Benefits and Secrets of Fasting


It is the nature of the human soul to slacken and become bored and tired of striving, especially in the face of the temptations of life, the many pleasures of this world, and the deception of Satan. As a result, the soul becomes weak in performing obligatory duties and acts of worship; it gradually becomes less affected by them and benefits less from them. It is the wisdom and mercy of Allaah The Almighty that He has ordained for the soul all that strengthens its weakness, sharpens its determination, and increases its faith through the virtue He conferred on certain times and places. The seasons of virtue, for instance, include the first ten days of Thul-Hijjah, the 10th of Muharram, and Ramadhaan.

Fasting is a great act of worship that Allaah The Almighty made one of the pillars of Islam and prescribed upon the Muslims – not for one day or a week, but for an entire month every year.

Allaah The Almighty has made fasting an obligation in His upright religion since the times of the previous nations, and, therefore, Allaah The Almighty Says (what means): {O you who have believed, decreed upon you is fasting as it was decreed upon those before you that you may become righteous.} [Quran 2:183] Fasting is not an exclusive obligation on the Muslim Ummah (nation); it is an age-old religious duty, because of its importance and great impact on the souls of humankind. Scientists and educators have spoken at length about the educational benefits of fasting, so much so, that it is called 'the school of fasting' due to

its enormous benefits that are considered a means of educating and disciplining the self.

An act of worship of such importance and benefit obliges us to seek the benefits involved and try to take advantage of them. We often see those who provide educational or administrative courses presenting the advantages and benefits of these courses before people enroll for them. Similarly, we are going to embark on an act of worship that resembles a course or a school where the Muslim is brought up on a set of virtues and gives up a set of vices. Therefore, we must know these benefits and secrets. (1) Taqwa (Piety): Taqwa is the ultimate goal of the obligation of fasting, as Allaah The Almighty Says (what means): {O you who have believed, decreed upon you is fasting as it was decreed upon those before you that you may become pious.} [Quran 2:183] The desired outcome of fasting represents the ultimate goal of all acts of worship. Allaah The Almighty Says (what means): {O mankind, worship your Lord, who created you and those before you, that you may become pious.} [Quran 2:21] The Arabic term Taqwa and the verbs derived from it mean 'fearing Allaah The Almighty' Who Says (what means): • {O mankind, fear your Lord, who created you from one soul.} [Quran 4:1] • {When their brother Nooh (Noah) said to them, "Will you not fear Allaah?} [Quran 26:106] Nevertheless, the term Taqwa (piety) carries various meanings in the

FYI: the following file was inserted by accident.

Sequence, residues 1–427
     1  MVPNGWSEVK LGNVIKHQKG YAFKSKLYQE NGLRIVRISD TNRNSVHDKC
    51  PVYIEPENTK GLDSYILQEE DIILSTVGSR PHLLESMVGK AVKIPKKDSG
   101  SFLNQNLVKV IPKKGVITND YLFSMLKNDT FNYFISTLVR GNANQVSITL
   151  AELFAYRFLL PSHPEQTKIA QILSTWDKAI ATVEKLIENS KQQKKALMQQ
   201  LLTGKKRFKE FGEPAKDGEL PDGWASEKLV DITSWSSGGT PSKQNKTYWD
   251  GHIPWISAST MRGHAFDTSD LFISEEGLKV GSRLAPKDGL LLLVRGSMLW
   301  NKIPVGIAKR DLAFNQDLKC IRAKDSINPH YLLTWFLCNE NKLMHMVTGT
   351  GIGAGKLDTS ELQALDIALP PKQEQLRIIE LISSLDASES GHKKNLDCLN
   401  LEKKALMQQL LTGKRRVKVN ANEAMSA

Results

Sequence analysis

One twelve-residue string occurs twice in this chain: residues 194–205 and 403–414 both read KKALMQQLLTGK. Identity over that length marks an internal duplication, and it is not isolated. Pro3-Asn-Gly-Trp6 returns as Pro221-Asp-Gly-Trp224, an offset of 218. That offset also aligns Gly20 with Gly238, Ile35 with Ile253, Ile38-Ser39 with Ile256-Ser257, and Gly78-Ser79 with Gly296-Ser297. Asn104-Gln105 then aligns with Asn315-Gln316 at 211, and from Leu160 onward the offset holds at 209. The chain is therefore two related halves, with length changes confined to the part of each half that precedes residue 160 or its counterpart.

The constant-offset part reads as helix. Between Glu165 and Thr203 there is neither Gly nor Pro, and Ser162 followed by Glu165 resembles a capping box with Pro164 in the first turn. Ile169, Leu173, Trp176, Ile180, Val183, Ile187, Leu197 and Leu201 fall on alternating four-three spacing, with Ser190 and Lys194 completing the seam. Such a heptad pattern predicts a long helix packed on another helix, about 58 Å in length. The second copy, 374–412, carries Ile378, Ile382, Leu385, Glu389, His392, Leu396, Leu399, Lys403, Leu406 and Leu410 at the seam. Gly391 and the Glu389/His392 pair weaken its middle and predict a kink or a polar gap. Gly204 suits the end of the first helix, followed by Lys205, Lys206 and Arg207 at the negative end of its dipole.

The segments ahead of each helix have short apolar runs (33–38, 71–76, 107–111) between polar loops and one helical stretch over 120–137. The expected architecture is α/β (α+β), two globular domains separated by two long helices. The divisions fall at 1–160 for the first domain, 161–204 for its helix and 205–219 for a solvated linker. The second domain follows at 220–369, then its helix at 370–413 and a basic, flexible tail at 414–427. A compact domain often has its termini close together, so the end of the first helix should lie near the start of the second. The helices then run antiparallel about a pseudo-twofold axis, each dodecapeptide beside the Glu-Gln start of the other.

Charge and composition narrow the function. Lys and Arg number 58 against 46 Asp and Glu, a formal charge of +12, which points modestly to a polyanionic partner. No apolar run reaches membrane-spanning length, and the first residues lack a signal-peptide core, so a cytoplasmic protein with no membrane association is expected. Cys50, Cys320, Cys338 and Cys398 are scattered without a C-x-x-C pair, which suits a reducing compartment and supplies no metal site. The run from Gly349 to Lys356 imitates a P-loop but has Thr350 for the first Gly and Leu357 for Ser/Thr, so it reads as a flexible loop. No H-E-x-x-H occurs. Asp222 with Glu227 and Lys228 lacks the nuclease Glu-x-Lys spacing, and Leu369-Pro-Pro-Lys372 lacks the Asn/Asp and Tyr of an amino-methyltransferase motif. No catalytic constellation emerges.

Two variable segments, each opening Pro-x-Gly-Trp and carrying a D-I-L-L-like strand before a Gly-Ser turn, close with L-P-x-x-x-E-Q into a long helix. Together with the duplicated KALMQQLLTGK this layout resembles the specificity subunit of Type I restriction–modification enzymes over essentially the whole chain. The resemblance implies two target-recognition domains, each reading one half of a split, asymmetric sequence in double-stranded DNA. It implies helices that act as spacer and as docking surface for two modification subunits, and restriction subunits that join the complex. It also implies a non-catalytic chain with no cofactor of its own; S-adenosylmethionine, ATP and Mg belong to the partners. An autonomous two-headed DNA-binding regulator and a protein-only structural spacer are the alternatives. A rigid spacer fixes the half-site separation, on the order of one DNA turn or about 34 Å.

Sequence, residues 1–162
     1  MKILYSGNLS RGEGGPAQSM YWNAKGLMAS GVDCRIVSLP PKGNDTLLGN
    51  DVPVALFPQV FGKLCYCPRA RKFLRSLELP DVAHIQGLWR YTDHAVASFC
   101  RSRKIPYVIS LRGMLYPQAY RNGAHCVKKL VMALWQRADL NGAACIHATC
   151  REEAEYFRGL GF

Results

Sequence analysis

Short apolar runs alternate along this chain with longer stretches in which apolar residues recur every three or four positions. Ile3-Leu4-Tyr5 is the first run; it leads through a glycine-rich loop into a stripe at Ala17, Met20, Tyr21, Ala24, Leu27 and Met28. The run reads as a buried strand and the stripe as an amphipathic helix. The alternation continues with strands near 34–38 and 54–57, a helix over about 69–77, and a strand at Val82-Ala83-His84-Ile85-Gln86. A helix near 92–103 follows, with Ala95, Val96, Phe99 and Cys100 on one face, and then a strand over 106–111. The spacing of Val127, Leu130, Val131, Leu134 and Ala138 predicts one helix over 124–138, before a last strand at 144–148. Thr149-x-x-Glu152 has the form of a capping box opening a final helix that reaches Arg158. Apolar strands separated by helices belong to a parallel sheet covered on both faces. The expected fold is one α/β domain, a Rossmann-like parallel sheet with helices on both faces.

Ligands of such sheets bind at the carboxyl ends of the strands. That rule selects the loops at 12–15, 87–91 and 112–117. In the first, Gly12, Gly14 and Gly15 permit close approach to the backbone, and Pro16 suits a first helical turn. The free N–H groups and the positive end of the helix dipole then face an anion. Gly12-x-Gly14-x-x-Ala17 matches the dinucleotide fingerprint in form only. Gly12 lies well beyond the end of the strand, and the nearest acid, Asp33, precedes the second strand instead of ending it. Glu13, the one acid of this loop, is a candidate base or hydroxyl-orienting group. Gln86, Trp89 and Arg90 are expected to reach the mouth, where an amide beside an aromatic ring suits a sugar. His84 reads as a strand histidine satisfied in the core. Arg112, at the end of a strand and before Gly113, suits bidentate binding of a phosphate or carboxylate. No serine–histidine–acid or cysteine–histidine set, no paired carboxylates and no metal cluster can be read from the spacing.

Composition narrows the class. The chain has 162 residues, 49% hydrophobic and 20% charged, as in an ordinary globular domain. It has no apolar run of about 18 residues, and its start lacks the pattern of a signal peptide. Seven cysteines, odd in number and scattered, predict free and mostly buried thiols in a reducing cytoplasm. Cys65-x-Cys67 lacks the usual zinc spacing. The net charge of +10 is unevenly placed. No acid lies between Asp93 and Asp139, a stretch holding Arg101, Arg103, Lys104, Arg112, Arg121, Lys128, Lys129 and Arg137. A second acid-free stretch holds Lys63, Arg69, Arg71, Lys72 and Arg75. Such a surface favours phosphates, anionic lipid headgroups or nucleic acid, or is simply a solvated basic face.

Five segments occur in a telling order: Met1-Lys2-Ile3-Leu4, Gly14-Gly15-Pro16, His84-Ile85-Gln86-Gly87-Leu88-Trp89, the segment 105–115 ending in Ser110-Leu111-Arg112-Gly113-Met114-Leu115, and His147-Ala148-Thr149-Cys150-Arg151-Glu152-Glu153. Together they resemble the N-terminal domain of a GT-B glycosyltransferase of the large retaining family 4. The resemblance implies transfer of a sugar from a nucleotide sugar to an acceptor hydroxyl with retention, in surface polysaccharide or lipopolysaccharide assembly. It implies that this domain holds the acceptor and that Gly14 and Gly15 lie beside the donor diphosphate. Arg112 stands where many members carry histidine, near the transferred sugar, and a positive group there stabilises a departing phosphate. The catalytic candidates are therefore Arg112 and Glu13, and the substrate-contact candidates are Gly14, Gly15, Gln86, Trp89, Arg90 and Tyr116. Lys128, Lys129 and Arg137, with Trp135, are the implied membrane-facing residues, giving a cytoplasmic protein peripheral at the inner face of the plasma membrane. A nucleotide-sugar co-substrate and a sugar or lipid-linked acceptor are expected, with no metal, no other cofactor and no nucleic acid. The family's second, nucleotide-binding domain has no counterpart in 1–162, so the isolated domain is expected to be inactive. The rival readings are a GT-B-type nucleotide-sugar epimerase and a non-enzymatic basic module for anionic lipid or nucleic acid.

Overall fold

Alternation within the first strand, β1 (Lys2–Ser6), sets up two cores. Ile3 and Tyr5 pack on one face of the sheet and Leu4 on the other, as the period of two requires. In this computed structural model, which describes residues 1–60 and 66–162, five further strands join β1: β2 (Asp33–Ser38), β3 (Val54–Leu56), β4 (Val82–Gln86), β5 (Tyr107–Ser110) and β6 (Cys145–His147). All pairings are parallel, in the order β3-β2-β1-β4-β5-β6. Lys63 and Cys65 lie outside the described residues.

Quran. For example, it has come in the sense of faith and its testimony. Allaah The Almighty Says (what means): {And He imposed upon them the word of Taqwa, and they were more deserving of it and worthy of it. And ever Is Allaah, of all things, Knowing.} [Quran 48:26] It also means repentance, as Allaah The Almighty Says (what means): {And if only the people of the cities had believed and feared Allaah (i.e. repented to Allaah), We would have opened upon them blessings from the heaven and the earth; but they denied [the messengers], so We seized them for what they were earning."} [Quran 7:96] In another verse it is interpreted as sincerity, as Allaah The Almighty Says (what means): {That [is so]. And whoever honors the symbols of Allaah indeed, it is from the piety (i.e. sincerity) of hearts.} [Quran 22:32] [ArRaazi in Tafseer Fat-h Al-Ghayb]

The essence of piety is that the slave knows Allaah The Almighty by His names and attributes and knows His greatness, dominance, grandeur, and power, so that he fears Him and is cautious not to fall into sin. He should know His mercy, forgiveness and countless favors, as well as what He prepared for His believing slaves. This would urge him to pursue His pleasure. A slave cannot achieve piety except by constantly obeying Allaah The Almighty, carrying out obligations, and doing many voluntary acts of worship.

Piety therefore involves being cautious regarding the actions that bring about punishment, and for the observant believers, it involves caution regarding the factors that distance one from Allaah The Almighty. It is like a person walking on a road full of thorns and trying his best to avoid

treading on them. ‘Umar, may Allaah be pleased with him, asked Ubayy ibn Ka‘b, may Allaah be pleased with him, "What is piety?" Ubayy, may Allaah be pleased with him, said: "O Commander of the Believers, have you ever walked on a thorny road?" He said, "Yes." Ubayy, may Allaah be pleased with him, asked, "What did you do?" He said, "I rolled up my clothes and tried my best to avoid the thorns." He said, "That is piety." [Tafseer Ibn Katheer]